Whereas relationship describes believers as a community, partnership describes them as a community in action. A business partnership is always formed in order to attain an objective, such as providing a service to the public at a profit for the partners. In the same way, the concept of a spiritual partnership implies that it is created with the objective of glorifying God. Just as all believers are united together in a community relationship, so we are all united together in a partnership formed to glorify God. God is glorified when Christians grow in Christlikeness and when unbelievers are brought into His Kingdom. Biblical community, then, incorporates this idea of an active partnership in the promotion of the gospel and the building up of believers.
Communion with Others
A second primary meaning of New Testament koinonia is sharing with others what we have. Just as sharing together has two sub-meanings (relationship and partnership), so sharing with has two sub-meanings. The first of these can be called communion with one another. Although we usually use the word communion as a term for the Lord’s Supper, it is here used to mean communicating intimately, or sharing with one another on a close personal and spiritual level. It may be the mutual sharing among believers of what God has taught them from the Scriptures, or it may be a word of encouragement from one believer to another. The key element is that the subject matter is focused on God as well as on His Word and His works. As J. I. Packer said, “It is, first, a sharing with our fellow-believers the things that God has made known to us about himself, in hope that we may thus help them to know him better and so enrich their fellowship with him.”
According to Acts 2:5, the first believers who were gathered into the church on the day of Pentecost came from “every nation under heaven.” Prior to their conversion, they would have related to one another like billiard balls, constantly colliding and bouncing off one another. But immediately after coming into the community relationship of the body of Christ, they began to experience koinonia and to value its effect in their lives. As we have already seen, The New English Bible says in Acts 2:42, “They met constantly to hear the apostles teach, and to share the common life.” The New International Version says, “They devoted themselves . . . to the fellowship.” They couldn’t get enough teaching, fellowship, and prayer.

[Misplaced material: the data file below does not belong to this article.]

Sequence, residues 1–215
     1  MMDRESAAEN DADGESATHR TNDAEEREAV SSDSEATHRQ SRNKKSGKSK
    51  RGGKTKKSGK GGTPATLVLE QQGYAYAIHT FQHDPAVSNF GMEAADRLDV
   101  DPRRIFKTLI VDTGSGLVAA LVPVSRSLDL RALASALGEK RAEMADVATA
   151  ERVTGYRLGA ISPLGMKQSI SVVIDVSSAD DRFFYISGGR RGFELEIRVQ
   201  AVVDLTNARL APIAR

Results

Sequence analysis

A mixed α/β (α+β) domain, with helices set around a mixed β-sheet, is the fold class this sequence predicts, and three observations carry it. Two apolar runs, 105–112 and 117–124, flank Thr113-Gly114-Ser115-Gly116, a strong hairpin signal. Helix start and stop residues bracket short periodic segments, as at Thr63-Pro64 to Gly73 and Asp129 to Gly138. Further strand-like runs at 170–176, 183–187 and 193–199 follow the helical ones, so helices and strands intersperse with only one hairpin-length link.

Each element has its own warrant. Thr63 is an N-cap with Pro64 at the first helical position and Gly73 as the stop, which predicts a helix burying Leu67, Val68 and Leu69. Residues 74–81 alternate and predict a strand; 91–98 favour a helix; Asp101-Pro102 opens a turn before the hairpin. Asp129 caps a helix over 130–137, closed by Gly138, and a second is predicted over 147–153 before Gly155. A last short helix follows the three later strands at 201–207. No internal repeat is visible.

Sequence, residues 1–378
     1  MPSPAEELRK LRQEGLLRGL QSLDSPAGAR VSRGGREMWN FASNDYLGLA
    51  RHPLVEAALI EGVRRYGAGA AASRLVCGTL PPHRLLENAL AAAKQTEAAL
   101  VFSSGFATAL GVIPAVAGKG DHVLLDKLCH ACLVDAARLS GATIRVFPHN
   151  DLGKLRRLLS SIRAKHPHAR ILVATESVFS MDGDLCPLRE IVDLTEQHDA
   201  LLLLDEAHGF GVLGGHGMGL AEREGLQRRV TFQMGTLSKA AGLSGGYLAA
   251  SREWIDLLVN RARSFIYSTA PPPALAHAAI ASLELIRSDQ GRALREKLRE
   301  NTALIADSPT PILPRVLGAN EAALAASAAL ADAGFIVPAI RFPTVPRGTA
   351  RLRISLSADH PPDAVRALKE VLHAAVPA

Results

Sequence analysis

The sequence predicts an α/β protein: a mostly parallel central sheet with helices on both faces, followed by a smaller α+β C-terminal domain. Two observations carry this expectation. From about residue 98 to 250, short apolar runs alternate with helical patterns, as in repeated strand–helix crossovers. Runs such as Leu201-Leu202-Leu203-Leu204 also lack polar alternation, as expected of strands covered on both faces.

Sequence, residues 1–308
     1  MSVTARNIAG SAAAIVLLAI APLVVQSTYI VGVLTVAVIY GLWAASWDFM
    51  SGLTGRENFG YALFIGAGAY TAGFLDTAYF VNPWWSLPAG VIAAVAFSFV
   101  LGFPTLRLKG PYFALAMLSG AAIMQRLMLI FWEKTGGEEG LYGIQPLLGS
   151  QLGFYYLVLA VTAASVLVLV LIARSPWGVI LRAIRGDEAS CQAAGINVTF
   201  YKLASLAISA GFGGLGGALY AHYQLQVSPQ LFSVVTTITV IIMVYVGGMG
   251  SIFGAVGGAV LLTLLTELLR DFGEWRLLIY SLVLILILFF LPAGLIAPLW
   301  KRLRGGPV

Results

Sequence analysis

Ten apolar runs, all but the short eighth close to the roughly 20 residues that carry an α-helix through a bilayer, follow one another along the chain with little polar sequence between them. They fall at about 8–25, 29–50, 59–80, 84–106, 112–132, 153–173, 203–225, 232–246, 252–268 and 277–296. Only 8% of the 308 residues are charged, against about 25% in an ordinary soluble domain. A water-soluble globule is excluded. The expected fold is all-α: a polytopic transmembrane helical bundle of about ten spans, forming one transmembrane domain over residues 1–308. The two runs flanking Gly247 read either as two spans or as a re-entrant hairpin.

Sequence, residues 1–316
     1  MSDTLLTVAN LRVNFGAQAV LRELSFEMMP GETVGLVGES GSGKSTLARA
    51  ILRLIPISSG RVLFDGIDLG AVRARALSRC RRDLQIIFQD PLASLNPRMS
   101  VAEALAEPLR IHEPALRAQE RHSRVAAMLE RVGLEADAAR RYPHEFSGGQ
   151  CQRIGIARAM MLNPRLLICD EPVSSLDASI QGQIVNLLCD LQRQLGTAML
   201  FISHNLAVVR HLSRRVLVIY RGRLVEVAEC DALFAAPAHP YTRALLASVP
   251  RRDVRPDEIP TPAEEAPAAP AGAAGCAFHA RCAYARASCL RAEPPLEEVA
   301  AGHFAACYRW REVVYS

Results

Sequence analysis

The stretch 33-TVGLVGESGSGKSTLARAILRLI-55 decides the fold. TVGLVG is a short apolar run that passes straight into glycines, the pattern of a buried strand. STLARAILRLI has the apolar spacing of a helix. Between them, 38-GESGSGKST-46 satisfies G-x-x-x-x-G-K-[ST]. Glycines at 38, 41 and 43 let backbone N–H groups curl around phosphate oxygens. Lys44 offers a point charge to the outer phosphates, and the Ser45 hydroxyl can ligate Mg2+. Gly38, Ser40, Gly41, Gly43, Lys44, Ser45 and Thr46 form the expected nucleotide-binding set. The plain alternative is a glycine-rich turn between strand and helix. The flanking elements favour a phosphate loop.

Those first Christians from the day of Pentecost were all Jews. They were steeped in the Old Testament Scriptures, but as they listened to the apostles’ teaching and were enlightened by the Holy Spirit, they began to see those Scriptures in a new way. They were daily gaining a new understanding of them. And as they individually learned from the apostles’ teaching, they shared with one another what they were learning. This is fellowship: sharing with one another what God is teaching through the Scriptures, and this is an important part of true community.
How different is our present-day concept of fellowship? Take those typical times of “coffee fellowship.” We discuss everything else except the Scriptures. We talk about our jobs, our studies, our favorite sports teams, the weather—almost anything except what God is teaching us from His Word and through His workings in our lives. If we are to regain the New Testament concept of fellowship within the community, we must learn to get beyond the temporal issues of the day and begin to share with each other on a level that will enhance our spiritual relationships with one another and with God.
True Community by Jerry Bridges
Fellowship among believers is more than just talking over coffee after church service. Biblical fellowship in New Testament times—or koinonia—had rich and varied meanings, including covenant relationship, partnership in the gospel, communion with God and others, and the sharing of earthly possessions.
In True Community, bestselling author Jerry Bridges guides you through koinonia and its implications for today’s church. With discussion questions at the end of each chapter, this book will help you dig deeper into what Christian community in the twenty-first century should look like. You will come away with a new appreciation for fellowship, the church, and what God intended the body of Christ to be.
With a discussion guide for personal or group use.